Ben Visser’s article, Can you hear me now? Are cell phones bad news around fueling operations? (May 5 issue), is very timely with the new Light Sport Aircraft. I just purchased a Tecnam Bravo.
The reason is that the Rotax engine really does not like leaded fuel and the manual says to use premium auto gas. In fact, if you are going to use 100LL you have to change the oil every 25 hours, instead of 50, and you can expect higher engine maintenance. But getting auto fuel is easier said than done because there are only a tiny percentage of airports with auto gas. Perhaps if Cessna were to get into the LSA arena they would also use the Rotax and that would perhaps trigger more availability in time.
I think there is a need here for more information about static electricity than Ben’s article contains. He has identified the problem but not addressed the fix. For example, if you ground the fuel truck/container to the aircraft itself, does that provide any protection? That would seem to be what happens when you have a fuel truck come to the aircraft. Both the truck and the airplane are insulated from the ground by rubber tires so there would not seem to be any real “ground” when you connect the two vehicles.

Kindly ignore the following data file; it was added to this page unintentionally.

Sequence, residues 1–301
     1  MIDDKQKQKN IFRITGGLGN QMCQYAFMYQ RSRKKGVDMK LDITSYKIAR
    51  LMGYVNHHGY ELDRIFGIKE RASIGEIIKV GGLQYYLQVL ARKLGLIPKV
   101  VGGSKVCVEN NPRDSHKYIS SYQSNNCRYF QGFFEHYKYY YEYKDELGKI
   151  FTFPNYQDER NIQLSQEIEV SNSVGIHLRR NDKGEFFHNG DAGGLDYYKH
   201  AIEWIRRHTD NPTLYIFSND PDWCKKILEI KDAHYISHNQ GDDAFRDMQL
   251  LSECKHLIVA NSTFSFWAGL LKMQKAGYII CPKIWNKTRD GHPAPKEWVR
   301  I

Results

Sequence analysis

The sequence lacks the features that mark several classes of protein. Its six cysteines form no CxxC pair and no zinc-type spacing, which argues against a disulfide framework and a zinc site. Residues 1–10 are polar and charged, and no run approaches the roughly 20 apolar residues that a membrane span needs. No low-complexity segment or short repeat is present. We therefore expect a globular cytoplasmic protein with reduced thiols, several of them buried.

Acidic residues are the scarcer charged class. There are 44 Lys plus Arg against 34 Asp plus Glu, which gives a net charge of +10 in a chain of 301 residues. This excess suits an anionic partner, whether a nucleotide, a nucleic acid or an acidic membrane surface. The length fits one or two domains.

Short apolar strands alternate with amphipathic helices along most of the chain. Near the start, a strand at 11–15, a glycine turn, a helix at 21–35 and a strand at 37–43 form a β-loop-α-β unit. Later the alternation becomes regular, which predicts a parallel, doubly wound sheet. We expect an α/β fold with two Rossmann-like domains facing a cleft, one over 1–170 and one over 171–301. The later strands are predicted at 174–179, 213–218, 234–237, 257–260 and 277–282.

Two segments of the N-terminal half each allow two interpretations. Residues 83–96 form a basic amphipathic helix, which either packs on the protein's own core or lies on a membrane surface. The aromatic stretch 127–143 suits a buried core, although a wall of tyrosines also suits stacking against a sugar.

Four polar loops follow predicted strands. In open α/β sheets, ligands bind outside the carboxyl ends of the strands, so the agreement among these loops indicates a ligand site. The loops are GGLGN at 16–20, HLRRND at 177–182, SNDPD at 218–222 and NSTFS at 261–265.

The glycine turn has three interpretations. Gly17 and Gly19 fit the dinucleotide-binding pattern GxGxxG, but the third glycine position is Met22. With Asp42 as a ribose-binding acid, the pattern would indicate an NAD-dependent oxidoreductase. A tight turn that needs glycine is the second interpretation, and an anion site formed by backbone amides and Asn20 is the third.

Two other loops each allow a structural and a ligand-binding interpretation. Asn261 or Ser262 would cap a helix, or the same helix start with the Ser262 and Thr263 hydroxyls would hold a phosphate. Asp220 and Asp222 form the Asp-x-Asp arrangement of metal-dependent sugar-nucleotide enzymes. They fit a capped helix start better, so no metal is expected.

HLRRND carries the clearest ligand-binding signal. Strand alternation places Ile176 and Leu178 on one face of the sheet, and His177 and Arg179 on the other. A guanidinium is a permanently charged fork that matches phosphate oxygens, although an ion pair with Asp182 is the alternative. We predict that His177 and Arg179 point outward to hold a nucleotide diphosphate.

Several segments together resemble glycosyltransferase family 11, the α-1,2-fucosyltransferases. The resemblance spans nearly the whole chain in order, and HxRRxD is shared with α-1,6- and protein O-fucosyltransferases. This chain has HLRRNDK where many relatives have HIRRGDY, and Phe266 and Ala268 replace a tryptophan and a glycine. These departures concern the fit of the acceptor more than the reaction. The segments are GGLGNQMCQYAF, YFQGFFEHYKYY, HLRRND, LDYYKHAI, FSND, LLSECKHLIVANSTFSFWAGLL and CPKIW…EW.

Or, how about grounding the airplane and truck together (as above) and then ground one or the other to an “in-the-ground” ground?
I mention all of this because I think with the availability of LSA there is a crying need for an authoritative discussion of what we should be doing — not just telling us there is a problem.
Maybe Ben needs to expand his advice by addressing the static solution, although I suspect he will be reluctant to tackle this because of potential legal implications.
I guess what I am saying is perhaps GAN should undertake to pull together the best practices and publish it.
Editor’s Note: Our fuels expert, Ben Visser, did tackle the issue of what pilots should be doing in a subsequent column, which ran in the June 9 issue: Grounded: What’s the proper way to ground during refueling?